Catalyst Dissolution Rates during PEM Fuel Cell Operation

Tuesday, 3 October 2017: 16:40
National Harbor 2 (Gaylord National Resort and Convention Center)
S. Arisetty (General Motors Company), S. M. Alia, J. W. Zack (National Renewable Energy Laboratory), A. Kongkanand (Global Fuel Cell Business, General Motors), V. Yarlagadda (General Motors, Fuel Cell Activities), R. S. Kukreja (General Motors), J. M. Ziegelbauer (General Motors Global Powertrain Engineering), K. C. Neyerlin (National Renewable Energy Laboratory), N. N. Kariuki, D. J. Myers (Argonne National Laboratory), and B. Lakshmanan (General Motors Company, Global Fuel Cell Activities)
Improved catalyst performance and durability are critical to the successful deployment of proton exchange membrane fuel cells (PEMFCs) in automotive applications. In recent years advances have been made in developing highly active Pt-alloy (e.g PtCo, PtNi etc.) catalysts that have specific activity 5-10 times higher than state-of- art Pt catalysts. Dealloyed catalysts, PtCo and PtNi in particular, are interesting cathode catalyst candidates due to their high activity for oxygen reduction reaction (ORR) and relatively high stability.1,2

Even though the catalyst has experienced extensive oxidative treatment during the catalyst synthesis and break-in procedure, the dissolution process continues under fuel cell operating conditions due to exposure to an acidic environment and high electrode potentials. This results in the transition metal of the platinum alloy dissolving into the electrolyte phase. In turn, this causes losses in catalytic activity and subsequent reductions in proton, water and O2transport properties of the fuel cell electrodes. Due to these durability issues, high activity at Beginning of Life (BOL) can be compromised during operation.

This talk will outline the quantitative understanding of the Pt and Co dissolution of PtCo electrodes under both simulated and actual fuel cell operating conditions. Studies were performed to quantify the amount of leached Co and Pt ions during potentiostatic (Figure 1) and potentiodynamic (Figure 2) conditions in an electrochemical cell with aqueous acid electrolyte. The amount of metal ions released into the solution were monitored with on-line ICP-MS in a flow-through an electrochemical cell and using ICP on the solution samples that were extracted during the cycling. While the amount of Pt dissolved during voltage cycling has been well studied, the impact of potential cycling on Co leaching is not well understood. Initial measurements show that the amount of Co leached is a strong function of upper potential limit (UPL) and less impacted by the lower potential limits (LPL) (Figure 2), however Pt dissolved is a strong function of both UPL and LPL. In addition to quantifying leached Pt and Co, changes in the particle characteristics and metal compositions of the particles were also quantified using SAXS3and STEM analysis. Voltage cycling was also performed in an MEA environment with DOE protocol recommended for catalyst stability. Changes in activity and performance during cycling was tracked, and post-mortem analysis of the cycled samples was performed to determine changes in particle characteristics.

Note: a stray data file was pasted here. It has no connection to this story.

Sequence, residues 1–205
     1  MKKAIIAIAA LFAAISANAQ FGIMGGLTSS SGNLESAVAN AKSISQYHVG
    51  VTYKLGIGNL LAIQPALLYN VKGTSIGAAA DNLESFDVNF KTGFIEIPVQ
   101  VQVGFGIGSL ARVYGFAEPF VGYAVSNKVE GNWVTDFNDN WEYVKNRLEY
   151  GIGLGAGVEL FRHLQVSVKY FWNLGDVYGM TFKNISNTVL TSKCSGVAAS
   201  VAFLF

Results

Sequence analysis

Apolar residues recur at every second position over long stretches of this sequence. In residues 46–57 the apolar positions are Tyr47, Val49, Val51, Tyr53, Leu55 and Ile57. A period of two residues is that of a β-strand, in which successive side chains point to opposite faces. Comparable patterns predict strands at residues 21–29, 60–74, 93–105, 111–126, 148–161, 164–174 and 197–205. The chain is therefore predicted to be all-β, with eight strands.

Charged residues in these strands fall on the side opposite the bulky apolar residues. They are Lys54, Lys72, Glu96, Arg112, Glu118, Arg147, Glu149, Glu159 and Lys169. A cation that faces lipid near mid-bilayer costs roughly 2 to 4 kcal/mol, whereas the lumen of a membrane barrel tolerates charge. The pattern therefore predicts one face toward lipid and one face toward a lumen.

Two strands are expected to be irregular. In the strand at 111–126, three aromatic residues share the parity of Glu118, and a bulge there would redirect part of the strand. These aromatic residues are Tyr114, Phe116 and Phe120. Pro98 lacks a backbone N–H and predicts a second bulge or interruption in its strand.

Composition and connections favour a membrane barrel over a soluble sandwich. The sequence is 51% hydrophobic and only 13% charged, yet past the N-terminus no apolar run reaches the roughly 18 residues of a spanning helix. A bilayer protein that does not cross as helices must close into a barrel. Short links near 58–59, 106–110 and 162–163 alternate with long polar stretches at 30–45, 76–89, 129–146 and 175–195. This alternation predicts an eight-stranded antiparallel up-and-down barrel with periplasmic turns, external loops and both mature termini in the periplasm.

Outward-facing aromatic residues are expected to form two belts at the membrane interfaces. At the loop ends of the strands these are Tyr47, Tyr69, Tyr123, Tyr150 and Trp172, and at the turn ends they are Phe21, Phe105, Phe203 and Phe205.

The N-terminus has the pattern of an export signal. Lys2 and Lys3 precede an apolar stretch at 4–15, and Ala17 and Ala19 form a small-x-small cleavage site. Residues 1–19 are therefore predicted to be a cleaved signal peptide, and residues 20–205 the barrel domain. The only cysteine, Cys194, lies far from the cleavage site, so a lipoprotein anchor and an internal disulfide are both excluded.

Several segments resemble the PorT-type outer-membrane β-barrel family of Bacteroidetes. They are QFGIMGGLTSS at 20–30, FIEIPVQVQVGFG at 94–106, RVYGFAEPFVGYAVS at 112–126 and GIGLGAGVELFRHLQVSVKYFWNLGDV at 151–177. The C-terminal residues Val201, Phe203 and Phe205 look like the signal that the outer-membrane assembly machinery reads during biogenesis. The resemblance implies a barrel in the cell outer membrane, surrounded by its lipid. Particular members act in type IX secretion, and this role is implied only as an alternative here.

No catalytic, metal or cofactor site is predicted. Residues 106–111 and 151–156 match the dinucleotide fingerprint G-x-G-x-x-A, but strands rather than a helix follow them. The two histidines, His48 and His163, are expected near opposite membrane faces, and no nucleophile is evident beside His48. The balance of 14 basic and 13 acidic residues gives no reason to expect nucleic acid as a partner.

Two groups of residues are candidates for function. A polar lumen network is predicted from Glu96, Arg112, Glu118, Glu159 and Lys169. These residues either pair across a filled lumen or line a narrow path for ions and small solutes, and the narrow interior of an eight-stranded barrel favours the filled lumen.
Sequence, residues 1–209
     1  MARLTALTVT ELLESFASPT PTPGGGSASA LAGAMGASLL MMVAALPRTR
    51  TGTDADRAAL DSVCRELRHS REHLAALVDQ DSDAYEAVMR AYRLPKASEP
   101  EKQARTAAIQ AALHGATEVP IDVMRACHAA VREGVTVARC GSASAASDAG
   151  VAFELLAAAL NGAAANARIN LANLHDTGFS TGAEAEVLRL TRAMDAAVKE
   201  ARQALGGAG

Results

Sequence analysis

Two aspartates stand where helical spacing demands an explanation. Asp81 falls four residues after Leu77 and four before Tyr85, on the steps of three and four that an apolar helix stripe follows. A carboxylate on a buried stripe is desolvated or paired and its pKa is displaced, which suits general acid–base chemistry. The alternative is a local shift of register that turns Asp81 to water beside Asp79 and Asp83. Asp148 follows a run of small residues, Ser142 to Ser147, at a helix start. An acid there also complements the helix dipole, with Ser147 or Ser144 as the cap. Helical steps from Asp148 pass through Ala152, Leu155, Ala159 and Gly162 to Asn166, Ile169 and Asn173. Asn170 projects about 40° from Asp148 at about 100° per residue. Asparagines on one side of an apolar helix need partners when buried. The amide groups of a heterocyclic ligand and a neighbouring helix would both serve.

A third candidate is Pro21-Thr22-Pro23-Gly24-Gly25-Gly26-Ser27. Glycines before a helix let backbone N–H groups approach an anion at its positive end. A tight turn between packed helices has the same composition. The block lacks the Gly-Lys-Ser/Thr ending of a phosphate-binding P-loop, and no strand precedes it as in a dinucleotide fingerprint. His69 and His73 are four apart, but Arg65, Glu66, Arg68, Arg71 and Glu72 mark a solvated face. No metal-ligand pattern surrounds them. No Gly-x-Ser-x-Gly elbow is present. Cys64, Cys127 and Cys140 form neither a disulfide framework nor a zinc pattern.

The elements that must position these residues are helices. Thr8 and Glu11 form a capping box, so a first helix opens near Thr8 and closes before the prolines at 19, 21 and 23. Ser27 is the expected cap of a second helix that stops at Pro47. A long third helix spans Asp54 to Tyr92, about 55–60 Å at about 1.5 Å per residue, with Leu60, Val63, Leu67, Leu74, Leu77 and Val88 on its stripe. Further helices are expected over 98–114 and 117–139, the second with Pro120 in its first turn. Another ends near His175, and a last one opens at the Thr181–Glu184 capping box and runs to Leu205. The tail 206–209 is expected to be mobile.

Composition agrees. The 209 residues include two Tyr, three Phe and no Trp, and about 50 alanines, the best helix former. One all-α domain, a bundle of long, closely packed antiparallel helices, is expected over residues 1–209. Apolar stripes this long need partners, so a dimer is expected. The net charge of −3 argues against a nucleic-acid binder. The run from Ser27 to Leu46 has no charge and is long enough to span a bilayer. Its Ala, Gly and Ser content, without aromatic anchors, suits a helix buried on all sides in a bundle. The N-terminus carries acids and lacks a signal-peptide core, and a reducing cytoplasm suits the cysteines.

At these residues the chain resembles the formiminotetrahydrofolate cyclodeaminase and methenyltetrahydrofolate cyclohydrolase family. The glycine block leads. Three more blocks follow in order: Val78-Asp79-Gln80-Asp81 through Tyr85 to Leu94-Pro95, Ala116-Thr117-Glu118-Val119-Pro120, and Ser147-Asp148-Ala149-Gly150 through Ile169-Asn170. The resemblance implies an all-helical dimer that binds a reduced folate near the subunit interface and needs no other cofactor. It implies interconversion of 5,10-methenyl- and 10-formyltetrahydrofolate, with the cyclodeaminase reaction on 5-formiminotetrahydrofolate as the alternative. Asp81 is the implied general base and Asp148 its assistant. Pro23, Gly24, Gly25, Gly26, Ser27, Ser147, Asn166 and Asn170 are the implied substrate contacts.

Fundamental models were developed to explain the mechanisms of the degradation process under potential cycling. Models show that the dissolution process is strongly related to the type and growth of Pt oxides4on the catalysts. The dissolution rates are correlated to activity changes during the fuel cell operation. Using the rate parameters determined from ex-situ dissolution studies, degradation rates in an MEA that underwent DOE voltage cycling can be estimated.

This work was partially supported by the U.S. Department of Energy, Office of Energy Efficiency and Renewable Energy under grant DE-EE0007271. This research used resources of the Advanced Photon Source (beamline 9ID) at Argonne National Laboratory under Contract No. DE-AC02-06CH11357.


1. B. Han et al., Energy Environ. Sci., 8, 258–266 (2015).

2. A. Kongkanand and M. F. Mathias, J. Phys. Chem. Lett., 7, 1127–1137 (2016).

3. J. A. Gilbert et al., J. Electrochem. Soc., 162(14) F1487–F1497 (2015).

4. S. Arisetty et al., ECS Transactions, 69 (17) 273-289 (2015).